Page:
17 September 2011 Tuckertime Walk

Map: Canberra 1:25000

Getting There

This walk was organised and led by the Austrlian National Botanic Gardens:

Saturday 17 September - Tuckertime Walk. Explore edible native plants in the Gardens | 12:30pm Sat & Sun during Floriade | Free | Bookings essential.


You canaccess all photographs here.


Many thanks to Doug L, who showed the 5 of us around. The following notes are from my poor memory, not Doug's excellent references and knowledge:

1 We started with some picked, scented leaved samples including lemon myrtle, a teatree, native mint (this last one just like in my backyard!).

2 Native cherry (cherry ballart). Fruit start around November. The young trees growing since 2003 bushfires may not be old enough to fruit yet.

3 Eucalypts useful for lurps leaving exudates which can be eaten. Also wasp galls "Bush chewing gum".

4 Salt bush (we were now in the Mallee area of the ANBG where I haven't been before) - animals eat it and so it flavours their meat.

5 Wattle seeds - only about 20-25 of the 1000 varieties produce useful seeds.

6 Tree ferns - ingigenous folk used to knock off the top of the ferns to get at the pith - like sago or edible moist flour (you'd better not do this in NNP!).

7 Finger lime tree - northern NSW coast.

8 Backhousia anisata - aniseed plant.

9 Mountain pepper.

10 Bird's Nest Fern - a purgative.

11 Macadamia nut - grows well around Lismore.

The nut is supremely tasty. The oil content of the kernel is higher than 72 per cent, which is the highest for any oil-yielding nut. Out of a possible 4000 different types of food plants, the Macadamia is the only native Australian plant grown as a commercial food crop. (Source: http://www.rbgsyd.nsw.gov.au/education/Resources/bush_foods/Macadamia_tetraphylla)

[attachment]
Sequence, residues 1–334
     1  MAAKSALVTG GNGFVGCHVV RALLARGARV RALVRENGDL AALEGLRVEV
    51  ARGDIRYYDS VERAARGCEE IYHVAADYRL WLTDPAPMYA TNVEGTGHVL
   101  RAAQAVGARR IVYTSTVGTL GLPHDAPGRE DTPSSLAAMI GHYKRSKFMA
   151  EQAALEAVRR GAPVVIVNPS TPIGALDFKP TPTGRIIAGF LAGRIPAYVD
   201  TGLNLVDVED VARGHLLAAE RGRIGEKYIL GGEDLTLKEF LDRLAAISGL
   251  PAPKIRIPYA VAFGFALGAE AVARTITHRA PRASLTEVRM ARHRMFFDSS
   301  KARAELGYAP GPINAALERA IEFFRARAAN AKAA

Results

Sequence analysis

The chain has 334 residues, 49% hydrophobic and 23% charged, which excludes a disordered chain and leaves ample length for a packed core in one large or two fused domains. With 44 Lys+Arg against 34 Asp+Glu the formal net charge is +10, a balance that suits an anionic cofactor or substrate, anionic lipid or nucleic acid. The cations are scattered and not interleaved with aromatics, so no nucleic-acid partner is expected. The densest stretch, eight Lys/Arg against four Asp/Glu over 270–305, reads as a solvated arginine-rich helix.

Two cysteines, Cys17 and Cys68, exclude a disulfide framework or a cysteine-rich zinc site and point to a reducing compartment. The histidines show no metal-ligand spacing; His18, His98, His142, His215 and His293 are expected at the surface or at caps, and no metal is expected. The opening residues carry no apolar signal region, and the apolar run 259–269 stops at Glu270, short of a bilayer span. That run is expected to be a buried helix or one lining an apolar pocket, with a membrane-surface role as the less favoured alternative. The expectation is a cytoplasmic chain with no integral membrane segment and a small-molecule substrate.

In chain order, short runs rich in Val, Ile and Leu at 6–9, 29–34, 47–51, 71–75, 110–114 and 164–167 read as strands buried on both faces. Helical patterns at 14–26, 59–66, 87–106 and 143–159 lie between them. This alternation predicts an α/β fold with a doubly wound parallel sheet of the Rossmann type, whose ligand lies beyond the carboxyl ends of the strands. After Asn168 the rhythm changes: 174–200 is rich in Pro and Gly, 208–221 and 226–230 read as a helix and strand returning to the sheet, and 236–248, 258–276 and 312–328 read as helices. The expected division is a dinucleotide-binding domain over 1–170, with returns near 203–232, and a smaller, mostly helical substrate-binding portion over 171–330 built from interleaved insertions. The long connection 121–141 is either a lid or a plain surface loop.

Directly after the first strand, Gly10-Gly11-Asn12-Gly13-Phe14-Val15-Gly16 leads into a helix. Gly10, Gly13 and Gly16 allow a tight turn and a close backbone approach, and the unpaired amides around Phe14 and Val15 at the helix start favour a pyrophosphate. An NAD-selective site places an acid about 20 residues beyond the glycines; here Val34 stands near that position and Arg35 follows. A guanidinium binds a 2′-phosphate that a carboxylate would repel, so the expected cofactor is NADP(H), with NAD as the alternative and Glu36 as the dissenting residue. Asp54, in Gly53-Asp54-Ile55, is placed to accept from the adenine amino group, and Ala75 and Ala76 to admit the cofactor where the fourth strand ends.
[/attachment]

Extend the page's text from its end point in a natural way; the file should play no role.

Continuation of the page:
12 Bunya Pine (native to SE Qld) - big cones. Can roast seeds. (Is this the source of the big pine cones at Bendora arboretum?)

13 Lemon myrtle tree, Lemon Ironwood.

14 Rock orchids - eat fleshy insides.

15 Plum Pine - rainforest environment - eat softer of dual fruits (I did).

16 Gymea lilly - eat tubers.

17 Mountain plum pine - at higher altitudes. Has plenty of fruit.

18 Mint bush.

19 Cycad base nut - but had to be washed and soaked, then roasted.

20 Brown Pine.

21 Banksia - soaked, sweet nectar on flowers.

Sweet nectar can by sucked out of the flowers or shaken onto your hand and licked off, or the flower spikes can be soaked in water. Banksias were used to carry fire because the smouldering cones could be carried for long distances. (From: http://www.rbgsyd.nsw.gov.au/education/Resources/bush_foods/Banksia_species)

22 Queensland bottle tree - 'water'.

23 Indigifera - crushed and used as fish stunner.

24 Native Raspberry.

25 Antartic beech - edible fungus grows on it.

26 Austral Mulberry - used as fire lighting stick.

A good reference book is Wild Food Plants of Australia by Tim Low. Ordered it from ANBG book shop.


Aboriginal Use of Native Plants - http://sydney.edu.au/science/uniserve_science/school/curric/stage4_5/nativeplants/gallery/index.html

Aboriginal Bush Foods - http://www.rbgsyd.nsw.gov.au/plant_info/aboriginal_bush_foods

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This page last updated 28Aug22